My daily exploration of the Bible, taking it one chapter at a time. If I do it everyday, it'll take 1189 days.



Sunday, March 18, 2007

Daniel 2

A big statue

Summary:
Nebuchadnezzar had a dream, but refused to tell his magicians it. He made them tell him what his dream was and what it meant. The magicians could not do this, so Nebuchadnezzar ordered them to be killed. Daniel was to be killed too, but when he heard the request, he thought he'd give it a go. Daniel and his friends prayed a lot, and God then revealed the dream to him, and Daniel praised God.

The king's dream was a massive statue with a gold head, a silver chest, bronze middle, and iron and clay legs. Each different part was a kingdom, starting with the golden Babylonian kingdom. Once it got to the fourth iron kingdom, however, God sent a rock to hit the legs, and the whole statue shattered. That rock grew to take over the world. It is God's kingdom.

The king was stoked and praised Daniel and his God, and gave his honour.

Key verses:
27-28. No wise man, enchanter, magician or diviner can explain to the king the mystery he has asked about, but there is a God in heaven who reveals mysteries.

My thoughts:
It is an important distinction that is made in the Bible, between the ability of people to do amazing things and the ability of God to do amazing things through people. Here Daniel makes it clear that the king's task is impossible for people, but only God himself can do it. No person has any special ability.

These four kingdoms are commonly interpreted within Christianity to be Babylon, Persia, Greece, and Rome, with Jesus being the rock that breaks the Roman Empire and grows to be God's undefeated kingdom. Works for me.

8 Comments:

Anonymous Deane said...

Pete wrote:
These four kingdoms are commonly interpreted within Christianity to be Babylon, Persia, Greece, and Rome, with Jesus being the rock that breaks the Roman Empire and grows to be God's undefeated kingdom. Works for me.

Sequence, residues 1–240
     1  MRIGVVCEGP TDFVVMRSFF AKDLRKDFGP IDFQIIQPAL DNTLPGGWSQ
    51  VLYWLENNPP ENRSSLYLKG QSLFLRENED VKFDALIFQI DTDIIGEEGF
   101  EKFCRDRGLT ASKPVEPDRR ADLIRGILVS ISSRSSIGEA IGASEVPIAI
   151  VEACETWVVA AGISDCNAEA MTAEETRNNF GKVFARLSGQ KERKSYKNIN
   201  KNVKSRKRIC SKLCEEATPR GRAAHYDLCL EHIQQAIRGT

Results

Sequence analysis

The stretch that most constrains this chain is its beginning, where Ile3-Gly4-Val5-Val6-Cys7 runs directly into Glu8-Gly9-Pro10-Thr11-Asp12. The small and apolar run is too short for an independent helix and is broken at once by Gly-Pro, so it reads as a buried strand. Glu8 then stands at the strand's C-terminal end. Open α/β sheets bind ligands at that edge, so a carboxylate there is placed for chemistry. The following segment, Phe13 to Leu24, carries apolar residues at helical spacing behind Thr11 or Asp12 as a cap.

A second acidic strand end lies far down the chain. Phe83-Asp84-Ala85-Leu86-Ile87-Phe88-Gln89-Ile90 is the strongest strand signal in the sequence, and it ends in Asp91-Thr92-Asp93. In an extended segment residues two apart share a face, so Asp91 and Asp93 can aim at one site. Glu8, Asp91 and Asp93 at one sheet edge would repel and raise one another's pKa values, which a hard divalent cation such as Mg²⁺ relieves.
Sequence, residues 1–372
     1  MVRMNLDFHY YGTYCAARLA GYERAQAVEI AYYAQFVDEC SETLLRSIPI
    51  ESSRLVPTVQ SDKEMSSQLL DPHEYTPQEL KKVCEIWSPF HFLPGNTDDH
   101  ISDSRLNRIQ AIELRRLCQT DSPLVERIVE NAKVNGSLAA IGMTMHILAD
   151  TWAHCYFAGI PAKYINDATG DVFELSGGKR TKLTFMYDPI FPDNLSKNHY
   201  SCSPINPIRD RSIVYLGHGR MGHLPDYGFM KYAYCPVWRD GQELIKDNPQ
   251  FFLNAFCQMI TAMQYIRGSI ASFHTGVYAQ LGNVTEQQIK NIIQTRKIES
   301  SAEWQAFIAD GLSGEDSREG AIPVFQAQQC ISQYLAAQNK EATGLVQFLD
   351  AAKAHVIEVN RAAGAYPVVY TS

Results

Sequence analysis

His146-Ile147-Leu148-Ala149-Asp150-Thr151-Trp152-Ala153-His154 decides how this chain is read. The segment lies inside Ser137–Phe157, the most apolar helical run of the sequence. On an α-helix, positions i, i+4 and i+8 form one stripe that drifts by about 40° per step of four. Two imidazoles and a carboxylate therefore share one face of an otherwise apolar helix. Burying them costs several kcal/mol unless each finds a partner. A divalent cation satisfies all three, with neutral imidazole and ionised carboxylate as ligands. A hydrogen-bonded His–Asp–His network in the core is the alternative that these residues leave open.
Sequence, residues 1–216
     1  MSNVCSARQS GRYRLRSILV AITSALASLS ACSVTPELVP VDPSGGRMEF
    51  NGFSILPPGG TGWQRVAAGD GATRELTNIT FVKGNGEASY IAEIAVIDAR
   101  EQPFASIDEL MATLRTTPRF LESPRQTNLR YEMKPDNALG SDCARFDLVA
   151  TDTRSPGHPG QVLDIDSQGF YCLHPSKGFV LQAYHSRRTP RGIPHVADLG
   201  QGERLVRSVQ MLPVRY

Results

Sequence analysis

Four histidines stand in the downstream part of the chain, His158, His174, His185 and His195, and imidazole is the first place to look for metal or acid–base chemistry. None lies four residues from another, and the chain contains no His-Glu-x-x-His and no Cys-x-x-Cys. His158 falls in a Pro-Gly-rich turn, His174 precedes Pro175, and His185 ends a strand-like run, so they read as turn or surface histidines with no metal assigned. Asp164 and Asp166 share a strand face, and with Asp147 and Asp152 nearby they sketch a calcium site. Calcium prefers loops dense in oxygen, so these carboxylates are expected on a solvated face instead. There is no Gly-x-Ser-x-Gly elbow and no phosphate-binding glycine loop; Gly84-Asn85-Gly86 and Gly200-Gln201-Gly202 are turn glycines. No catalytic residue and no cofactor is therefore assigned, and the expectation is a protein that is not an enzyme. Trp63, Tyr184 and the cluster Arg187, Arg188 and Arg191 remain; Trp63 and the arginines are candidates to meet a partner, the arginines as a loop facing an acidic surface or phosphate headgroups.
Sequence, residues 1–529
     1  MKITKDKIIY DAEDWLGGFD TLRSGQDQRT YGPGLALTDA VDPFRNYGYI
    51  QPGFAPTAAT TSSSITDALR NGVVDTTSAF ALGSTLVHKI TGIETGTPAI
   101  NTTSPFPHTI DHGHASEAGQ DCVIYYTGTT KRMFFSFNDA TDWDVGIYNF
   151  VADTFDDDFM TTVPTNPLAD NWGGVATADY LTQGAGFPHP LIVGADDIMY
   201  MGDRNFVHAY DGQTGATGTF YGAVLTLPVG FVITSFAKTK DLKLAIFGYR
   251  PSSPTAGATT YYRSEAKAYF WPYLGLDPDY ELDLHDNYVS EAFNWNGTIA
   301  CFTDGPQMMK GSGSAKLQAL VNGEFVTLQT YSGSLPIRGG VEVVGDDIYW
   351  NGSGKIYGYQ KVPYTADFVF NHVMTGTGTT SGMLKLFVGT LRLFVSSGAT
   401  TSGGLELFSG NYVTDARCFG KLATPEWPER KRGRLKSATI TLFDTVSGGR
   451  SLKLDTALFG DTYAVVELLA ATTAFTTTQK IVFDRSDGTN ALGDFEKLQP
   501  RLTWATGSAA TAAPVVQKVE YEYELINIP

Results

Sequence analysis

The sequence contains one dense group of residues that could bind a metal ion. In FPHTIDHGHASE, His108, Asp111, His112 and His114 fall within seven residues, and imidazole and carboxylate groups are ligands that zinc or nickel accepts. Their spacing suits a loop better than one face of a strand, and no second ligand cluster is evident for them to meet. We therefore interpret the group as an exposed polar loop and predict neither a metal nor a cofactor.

Deane:
Of course, given that the visions in chapters 2, 7, 8, 9 & 10-12 so obviously end in the Greek Empire, under Antiochus IV Epiphanes, one might suspect that the common Christian "interpretation" is in fact a "reinterpretation".

Not that I've got anything against reinterpreting texts for later purposes ... but I do think it's a good idea to also acknowledge that.

2:04 pm

 
Blogger Pete W said...

I acknowledge that there are many interpretations

2:36 pm

 
Anonymous Deane said...

Pete:
I acknowledge that there are many interpretations

Deane:
That goes without saying. But it is not quite to the point.

In the final form of the Book of Daniel (the MT or even the Greek) the intended referent of the five visions is the Greek Empire. There is no other intended referent but the Greek Empire. All interpretations which do not identify the Greek Empire as the intended referent of the text interpret the text contrary to the intended meaning, or range of intended meanings, allowed by the compiler of the Book of Daniel. The only interpretation that agrees with the compiler's interpretation is that which identifies the final empire with the Greek Empire.

Sure, there are many interpretations. But not all interpretations arrive at the meaning(s) of the text.

5:25 pm

 
Blogger Pete W said...

Gosh! You speak with such certainty. It reminds me of the end of this piece of text.

7:00 pm

 
Anonymous Deane said...

"Certainty" is impossible in reading the Bible, as is any empirical knowledge.

However, in the case of Daniel, I think it's fair to say that we have the most "dateable" book in the Old Testament. Most of the reason for this is that it was completed in a period which we have so much more context than the previous books - other historical sources, related texts, etc. The dating of the final form(s) of Daniel to the second century BC is in the "very high probability" category. The date is at least the 160s BC, from Dan 11.1-40 alone (although there are many other factors), and it can't be later than the second century BC, given the existence of a manuscript of (part of) Daniel from the end of the second century. I don't think that there is a safer book to date amongst the whole Old Testament.

8:53 am

 
Blogger Pete W said...

I would suggest that such 'certainty' is based on the assumption that long-term prophetic prediction is impossible.

9:45 am

 
Anonymous Deane said...

Pete:
I would suggest that such 'certainty' is based on the assumption that long-term prophetic prediction is impossible.

Deane:
Yes!! You're right!!!

"Certainty" is a product of a priori reasoning, not a posteriori reasoning. But legitimate biblical study can only be done a posteriori. If one attempts to cheat, and solve the issues a priori (by "assumptions"), one has committed the No True Scotsman Fallacy.

2:01 pm

 
Blogger Pete W said...

Having read this article, I agree. I think.

9:17 am

 

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